If you want to know just how spicy Ethiopian cooking can get, try some doro wat, a fragrant, slow-cooked chicken stew that one reviewer describes as, “Very spicy. Super spicy. Like I-don’t-know-how-Ethiopians-have-any-taste-buds-left spicy.” On the other hand, some very hot countries are considerably less spicy: The Philippines is in the same spiciness league as Hungary, and Ghana is as spice-poor as the UK.”

The team theorized that a greater amount of spices is being used in hotter climates as a preservative, to reduce the risk of foodborne illnesses. They were, however, unable to prove this, because it turns out the collision of food and culture is far too complex to be the result of one reason! Which I’m glad of – sometimes a bit of mystery is welcome in the human experience. Not knowing the reason why doesn’t reduce the enjoyment I get out of trying out a yemisir wat recipe, or developing spicy new condiments. In fact, it increases it!

A Sunny Solution for Blueberry Blight


I love blueberries. I’ve opened many clamshells of the tiny, tart, antioxidant fruits in my lifetime—sometimes to spoon them out into a bowl of fresh cream and demerara sugar and dive right in, and sometimes to have my heart sink at the sight of those beautiful little berries covered in grey mold. So imagine my delight to hear that researchers at the Kunming Institute of Botany, Chinese Academy of Sciences, have derived an entirely natural preservative from blueberries’ garden neighbour, the sunflower, which fights that destructive fuzz!

Sunflowers are already grown and harvested commercially for their seeds and the oil they produce. The team zeroed in on the chief waste product of this industry—the stems. They followed a hypothesis that the pathogen-fighting compounds within them that kept the sunflowers safe might transfer to other plants. The results were kind of stunning and showed a great deal of promise for non-pesticide antifungals in the agricultural industry.

“The researchers used methanol and ethyl acetate to prepare extracts from sunflower stems. They then isolated and identified the components in these extracts, focusing on diterpenoids, which are known to have biological activity. They found 17 diterpenoids, including four previously unknown compounds. Most of the diterpenoids showed activity against gray mold. Four of the compounds—including two of the newly identified ones—were effective at destroying the plasma membrane of this fungus, causing its cells to leak and preventing it from forming biofilms. In another test, the researchers briefly wet blueberries with the receptacle extracts, then dried the fruits and injected them with mold spores. Over a period of six days, the receptacle extracts protected almost half the berries from mold growth.”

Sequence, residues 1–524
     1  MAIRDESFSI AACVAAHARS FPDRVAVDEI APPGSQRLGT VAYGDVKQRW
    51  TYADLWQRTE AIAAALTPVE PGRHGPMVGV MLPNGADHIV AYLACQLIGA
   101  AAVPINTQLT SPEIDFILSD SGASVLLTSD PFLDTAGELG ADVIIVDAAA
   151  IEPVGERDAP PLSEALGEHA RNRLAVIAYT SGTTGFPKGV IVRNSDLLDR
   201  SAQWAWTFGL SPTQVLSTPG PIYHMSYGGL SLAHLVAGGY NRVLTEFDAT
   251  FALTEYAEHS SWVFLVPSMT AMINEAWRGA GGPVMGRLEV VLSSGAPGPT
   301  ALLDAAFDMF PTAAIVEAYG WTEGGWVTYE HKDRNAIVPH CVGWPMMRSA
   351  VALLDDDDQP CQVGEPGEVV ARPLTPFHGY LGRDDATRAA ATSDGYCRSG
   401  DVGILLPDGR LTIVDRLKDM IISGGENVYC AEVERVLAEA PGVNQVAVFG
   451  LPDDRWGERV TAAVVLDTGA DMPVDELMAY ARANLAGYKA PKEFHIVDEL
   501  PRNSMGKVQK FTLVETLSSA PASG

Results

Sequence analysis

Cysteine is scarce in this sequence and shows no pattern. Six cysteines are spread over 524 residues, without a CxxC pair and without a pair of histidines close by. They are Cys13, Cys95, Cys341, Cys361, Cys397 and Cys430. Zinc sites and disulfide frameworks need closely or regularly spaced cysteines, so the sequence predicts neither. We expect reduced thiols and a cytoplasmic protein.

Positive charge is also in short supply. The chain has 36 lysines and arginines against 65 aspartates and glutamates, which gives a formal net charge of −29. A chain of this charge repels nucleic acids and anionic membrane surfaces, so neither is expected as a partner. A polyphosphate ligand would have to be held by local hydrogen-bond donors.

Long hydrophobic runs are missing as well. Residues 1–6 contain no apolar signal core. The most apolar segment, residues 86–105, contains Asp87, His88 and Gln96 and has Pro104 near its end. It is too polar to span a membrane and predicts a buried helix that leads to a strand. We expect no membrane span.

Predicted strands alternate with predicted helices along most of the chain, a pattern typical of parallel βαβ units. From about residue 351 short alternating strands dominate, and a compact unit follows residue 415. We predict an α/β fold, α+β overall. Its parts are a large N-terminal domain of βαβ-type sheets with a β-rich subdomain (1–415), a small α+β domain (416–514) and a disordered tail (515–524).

I’m so excited at the prospect of never losing another precious berry to post-picking decay—especially if it’s not at the hands of a toxic fungicide. Plus, this is yet another clever use of a waste product for maximum benefit. Here’s hoping we see it on our tables (and in our bowls full of cream and sugar) soon!

AI Helps Battle Rancid Scourge

AI Helps Battle Rancid ScourgeAs AI embeds itself further into our culture—and becomes increasingly better at mimicking people—humans in turn are finding new ways of making it work for us. Now, a team from Clemson University has harnessed AI to avert one of humanity’s peskiest culinary disasters—rancidity.

Foods go rancid when the oils or fats in them are exposed to oxygen, breaking down into unpleasant-tasting component molecules. (If you’ve ever chomped on a too-long-opened bag of chips or nuts, you know that particular metallic grossness.) Companies routinely add tiny amounts of antioxidants to foods that are prone to oxidization, in order to combat the process and preserve freshness. Sometimes it can be too much of a good thing: Certain antioxidants, in combination, cancel out each other’s effects. But figuring out when this happens and in what combos is a herculean task—one that authors Carlos D. Garcia and Lucas de Brito Ayres have figured out is perfect for AI.

“… We selected a type of AI capable of working with textual representations, which are written codes describing the chemical structure of each antioxidant. […]

Once the machine could recognize general chemical patterns, like how certain molecules react with each other, we fine-tuned it by teaching it some more advanced chemistry. For this step, our team used a database of almost 1,100 mixtures previously described in the research literature.

At this point, the AI could predict the effect of combining any set of two or three antioxidants in under a second. Its prediction aligned with the effect described in the literature 90% of the time.”

The team trained the AI further on 200 examples from their own lab, which netted them predictions that were more accurate to their real-world experimental results. The team likens an AI like theirs to “a very clever assistant,” which can run boring or monotonous tasks for its human handlers, and spit out the results they need. In helping solve the problem of rancid food, this AI/human pairing might just be our model for collaboration in the future!